If you've missed riding the Nikkei rally so far, don't worry says Goldman Sachs – real estate stocks are still undervalued and a buy.
"Speaking with investors around the world, everyone's looking for laggard plays in Japan because the market's doubled from its lows," Goldman Sachs' chief Japan strategist Kathy Matsui told CNBC. "One that has really lagged heavily is real estate, despite pretty decent fundamentals – vacancy rates are at multi-year lows, rents are going up [and there is] no commercial supply," she said.
Japan's benchmark stock index, and, to a lesser extent the broader Topix index, have been rising for two years, ever since Prime Minister Shinzo Abe's return to power.
But the momentum escalated in April when global investors finally jumped on board and began buying Japanese cash equities, pushing the Nikkei to fifteen year highs and on its longest winning streak for 27 years.
One notable laggard has been Japan's unloved real estate stocks. The Topix real estate sector index has risen by just 15 percent over the past year, compared to the broader index's nearly 40 percent gain.
Loans to the real estate industry rose to a record 63.7 trillion yen ($515 billion) in the first quarter of 2015, "signifying that real estate prices could rise further," Deutsche Bank property sector stock analyst Yoji Otani said in a research note last week. "We estimate the sector's laggard status will very likely disappear," he said.
However, others don't see the momentum translating into higher prices for real estate stocks.
"Real estate stock are already expensive because rising earnings and asset valuations have already been priced in," Credit Suisse research director and real estate stock analyst Masaki Mochizuki told CNBC by phone. "Real estate stocks will continue to rise with the Topix but are unlikely to outperform the index," he said.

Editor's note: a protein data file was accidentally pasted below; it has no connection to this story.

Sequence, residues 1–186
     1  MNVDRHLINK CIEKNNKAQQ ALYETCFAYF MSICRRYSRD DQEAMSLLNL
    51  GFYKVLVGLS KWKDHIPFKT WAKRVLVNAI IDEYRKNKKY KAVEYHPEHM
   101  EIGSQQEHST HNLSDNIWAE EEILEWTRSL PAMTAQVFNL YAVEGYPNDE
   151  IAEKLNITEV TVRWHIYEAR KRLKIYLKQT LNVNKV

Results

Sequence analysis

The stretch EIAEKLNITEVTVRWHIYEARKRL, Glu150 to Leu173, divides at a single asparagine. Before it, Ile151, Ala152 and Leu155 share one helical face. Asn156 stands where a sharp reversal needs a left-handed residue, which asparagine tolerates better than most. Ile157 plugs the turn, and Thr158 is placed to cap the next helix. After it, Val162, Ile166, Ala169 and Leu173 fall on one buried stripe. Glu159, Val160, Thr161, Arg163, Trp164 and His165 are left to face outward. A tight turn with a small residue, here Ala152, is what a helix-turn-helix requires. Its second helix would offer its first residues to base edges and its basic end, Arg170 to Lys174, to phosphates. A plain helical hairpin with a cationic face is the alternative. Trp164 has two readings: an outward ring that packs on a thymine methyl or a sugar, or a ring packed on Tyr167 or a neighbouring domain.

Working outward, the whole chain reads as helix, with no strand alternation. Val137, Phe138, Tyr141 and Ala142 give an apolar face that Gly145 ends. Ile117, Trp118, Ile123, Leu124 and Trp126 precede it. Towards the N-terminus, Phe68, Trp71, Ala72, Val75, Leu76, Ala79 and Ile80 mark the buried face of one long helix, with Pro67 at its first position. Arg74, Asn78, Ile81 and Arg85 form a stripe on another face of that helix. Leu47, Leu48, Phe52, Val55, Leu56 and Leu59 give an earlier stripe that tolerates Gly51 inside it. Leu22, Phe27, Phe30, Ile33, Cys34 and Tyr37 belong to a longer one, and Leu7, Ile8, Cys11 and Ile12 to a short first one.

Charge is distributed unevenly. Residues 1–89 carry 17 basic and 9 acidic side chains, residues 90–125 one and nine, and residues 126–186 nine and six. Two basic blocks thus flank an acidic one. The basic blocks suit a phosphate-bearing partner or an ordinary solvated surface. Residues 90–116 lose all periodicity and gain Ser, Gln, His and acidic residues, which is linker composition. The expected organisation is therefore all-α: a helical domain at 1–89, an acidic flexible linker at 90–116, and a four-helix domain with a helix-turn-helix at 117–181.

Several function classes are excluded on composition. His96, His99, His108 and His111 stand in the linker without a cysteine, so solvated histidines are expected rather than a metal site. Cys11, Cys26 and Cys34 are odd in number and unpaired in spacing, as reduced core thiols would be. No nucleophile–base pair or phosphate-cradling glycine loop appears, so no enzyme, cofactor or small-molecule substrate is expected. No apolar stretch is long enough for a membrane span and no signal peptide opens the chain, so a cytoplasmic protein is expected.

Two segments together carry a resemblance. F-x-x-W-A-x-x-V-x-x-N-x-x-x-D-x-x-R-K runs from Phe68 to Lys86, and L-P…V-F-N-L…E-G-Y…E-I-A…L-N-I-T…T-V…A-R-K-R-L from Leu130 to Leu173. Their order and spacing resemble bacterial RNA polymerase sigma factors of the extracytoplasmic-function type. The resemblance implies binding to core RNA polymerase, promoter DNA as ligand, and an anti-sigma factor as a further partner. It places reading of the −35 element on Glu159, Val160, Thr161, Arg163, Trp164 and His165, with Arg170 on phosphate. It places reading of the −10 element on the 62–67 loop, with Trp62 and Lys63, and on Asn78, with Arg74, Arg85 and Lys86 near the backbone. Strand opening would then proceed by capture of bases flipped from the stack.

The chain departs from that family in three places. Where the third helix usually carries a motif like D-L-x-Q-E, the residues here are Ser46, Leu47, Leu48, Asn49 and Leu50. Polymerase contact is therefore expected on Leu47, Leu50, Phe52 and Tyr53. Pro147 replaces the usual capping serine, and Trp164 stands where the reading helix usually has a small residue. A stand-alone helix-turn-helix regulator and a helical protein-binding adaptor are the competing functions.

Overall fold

Regardless of whether real estate stocks rise or not, property prices – at least around the capital, Tokyo – have been rising.
Average residential land prices in the Tokyo metropolitan area were up 2.2 percent on-year in the first quarter of 2015, according to a recent NLI Research Institute note, citing figures by Nomura Real Estate Urban Net.
"A housing bubble is brewing in the Tokyo area: the latest lending attitude indicators in the Bank of Japan'sTankan survey are at the highest levels since the late 1980s," Credit Suisse's Mochizuki said.
The value of real estate transactions have also recovered to levels seen just before the global financial crisis in 2008.
In the year to the end of March 2015, the value of listed companies' real estate transactions rose 15 percent on-year to 5.3 trillion yen, according to a recent Nomura note, citing an Urban Research Institute survey.
Money from overseas has also continued to flow into Japanese real estate.
Non-Japanese corporations nearly tripled their purchases in the year ending March 2015, to 1.2 trillion yen, nearly a quarter of total corporate real transactions in Japan that year, according to the Nomura note.
Some wealthy investors are also buying investment properties in Japan, says Goldman's Matsui.
"It's not your everyday typical foreigners but more wealthy individuals looking for vacation homes or more often just an investment property. Get a mortgage in Japanese yen – that is very, very cheap – the spread between cost of funding and the yield you can get on these properties is the best yield you will find pretty much anywhere in the world right now," she said.
And if an attractive yield is not enough to tempt the wealthy foreign property buyer, Tokyo offers another incentive, noted Matusi.
Tokyo has "more Michelin starred restaurants than anywhere in the world," she said.